Tips for Engaging People in Climate Conversations – Guy Hanchet (Mar 13, 2023)

By Scott McKinlay

Do you avoid conversations about climate change with friends, family, or co-workers for fear it will become confrontational, or grind to an awkward silence?  Guy Hanchet, president of For Our Grandchildren, helped our members to practice the skills of active listening, acknowledging, and effective engagement, in order to encourage more productive conversations about this important topic.

Click HERE for the video recording.

Click HERE for the slides from the presentation

3 thoughts on “Tips for Engaging People in Climate Conversations – Guy Hanchet (Mar 13, 2023)”

  1. I just wanted to thank you for the excellent 4RG Meets on talking about climate change. I thought the format (e.g., using role-playing, active participation from the audience, addressing questions from the break-out groups, etc.) was very effective. It was really quite inspiring to see so much engagement from the audience members. I also liked how you kept the do’s and don’t about these conversations simple. It will be interesting to see if people do their homework and what they report back.
    After watching this tonight, I came to the conclusion that these “conversations” could even be made simpler – and at the same time less stressful and probably equally effective. I think that all anyone needs to do is to express to others – your “cranky uncle” for example – how you feel personally about climate change. In other words, what you fear, maybe what gives you hope, what emotions you experience, etc. The kind of things that Guy covered in the “before you start” slide. This in itself may take some reflection and even some practice to express it as eloquently as possible. Once you’re comfortable with your “elevator pitch” version, you can then use it with whomever you want. If it leads to a full conversation, great. If it doesn’t, at least the other person will come away with something to think about.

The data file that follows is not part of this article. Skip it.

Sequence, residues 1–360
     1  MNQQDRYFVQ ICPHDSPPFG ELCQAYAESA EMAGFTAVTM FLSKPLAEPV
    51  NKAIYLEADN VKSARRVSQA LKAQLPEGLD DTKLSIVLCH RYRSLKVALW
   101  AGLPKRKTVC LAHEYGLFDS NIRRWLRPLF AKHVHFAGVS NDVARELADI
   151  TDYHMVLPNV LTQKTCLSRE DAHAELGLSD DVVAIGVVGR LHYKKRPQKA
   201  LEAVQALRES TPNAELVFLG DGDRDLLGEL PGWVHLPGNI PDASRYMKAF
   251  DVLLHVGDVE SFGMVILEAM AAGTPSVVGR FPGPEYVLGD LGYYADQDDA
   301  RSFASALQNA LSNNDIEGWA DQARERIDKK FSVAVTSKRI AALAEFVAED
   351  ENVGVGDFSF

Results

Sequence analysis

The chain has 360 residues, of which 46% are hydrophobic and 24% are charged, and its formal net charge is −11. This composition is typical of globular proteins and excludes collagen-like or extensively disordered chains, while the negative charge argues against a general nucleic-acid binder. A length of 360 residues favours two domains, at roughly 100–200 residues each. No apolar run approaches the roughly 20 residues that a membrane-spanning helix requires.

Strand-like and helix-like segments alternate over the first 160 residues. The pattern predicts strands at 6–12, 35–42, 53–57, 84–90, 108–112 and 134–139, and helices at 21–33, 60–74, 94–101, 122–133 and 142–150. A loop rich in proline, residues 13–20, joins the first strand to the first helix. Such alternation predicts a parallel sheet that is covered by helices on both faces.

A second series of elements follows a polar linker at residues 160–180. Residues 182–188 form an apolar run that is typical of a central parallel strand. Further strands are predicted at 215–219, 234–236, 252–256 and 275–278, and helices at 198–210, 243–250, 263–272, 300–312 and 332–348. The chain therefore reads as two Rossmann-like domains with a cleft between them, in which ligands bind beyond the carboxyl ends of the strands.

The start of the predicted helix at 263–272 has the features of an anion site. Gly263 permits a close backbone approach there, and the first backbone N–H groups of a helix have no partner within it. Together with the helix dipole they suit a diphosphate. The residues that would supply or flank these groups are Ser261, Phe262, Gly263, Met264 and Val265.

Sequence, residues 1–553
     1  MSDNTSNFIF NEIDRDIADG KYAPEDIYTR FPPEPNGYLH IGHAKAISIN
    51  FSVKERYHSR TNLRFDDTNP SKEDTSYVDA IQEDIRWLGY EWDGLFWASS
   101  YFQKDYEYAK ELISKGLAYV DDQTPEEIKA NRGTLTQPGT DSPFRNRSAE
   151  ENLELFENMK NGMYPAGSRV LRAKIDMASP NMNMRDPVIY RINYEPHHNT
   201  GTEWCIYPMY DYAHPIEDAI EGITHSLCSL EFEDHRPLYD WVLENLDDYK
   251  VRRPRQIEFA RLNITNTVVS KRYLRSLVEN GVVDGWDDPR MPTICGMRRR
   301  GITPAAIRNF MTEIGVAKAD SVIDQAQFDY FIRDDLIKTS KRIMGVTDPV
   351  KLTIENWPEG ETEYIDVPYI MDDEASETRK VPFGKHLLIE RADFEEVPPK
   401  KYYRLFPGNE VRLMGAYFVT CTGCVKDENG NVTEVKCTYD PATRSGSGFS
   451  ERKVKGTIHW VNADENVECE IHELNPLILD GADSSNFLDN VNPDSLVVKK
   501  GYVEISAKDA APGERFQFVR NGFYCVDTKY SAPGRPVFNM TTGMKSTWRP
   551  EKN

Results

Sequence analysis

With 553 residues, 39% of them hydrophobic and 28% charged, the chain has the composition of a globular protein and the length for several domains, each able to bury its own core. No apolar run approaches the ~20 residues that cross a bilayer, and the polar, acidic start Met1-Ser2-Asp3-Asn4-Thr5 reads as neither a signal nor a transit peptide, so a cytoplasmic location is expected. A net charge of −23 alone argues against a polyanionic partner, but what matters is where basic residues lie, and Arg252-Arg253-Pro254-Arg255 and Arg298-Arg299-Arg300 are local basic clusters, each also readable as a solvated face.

If the other person challenges you, you can simply say “I’m sorry, but this is how I feel. I see what’s happening in the world and it scares me. I’m no expert but I do believe the experts. If they were wrong, we’d know it by now.”
    So few of us ever say to others how climate change is making us feel. If more of us only did that, I think it would represent great progress and have real impact.

  2. Yes, the recording is now public, although the edited version is still processing. There is a link at the bottom of the description.

    Scott McKinlay
    4RG Meets

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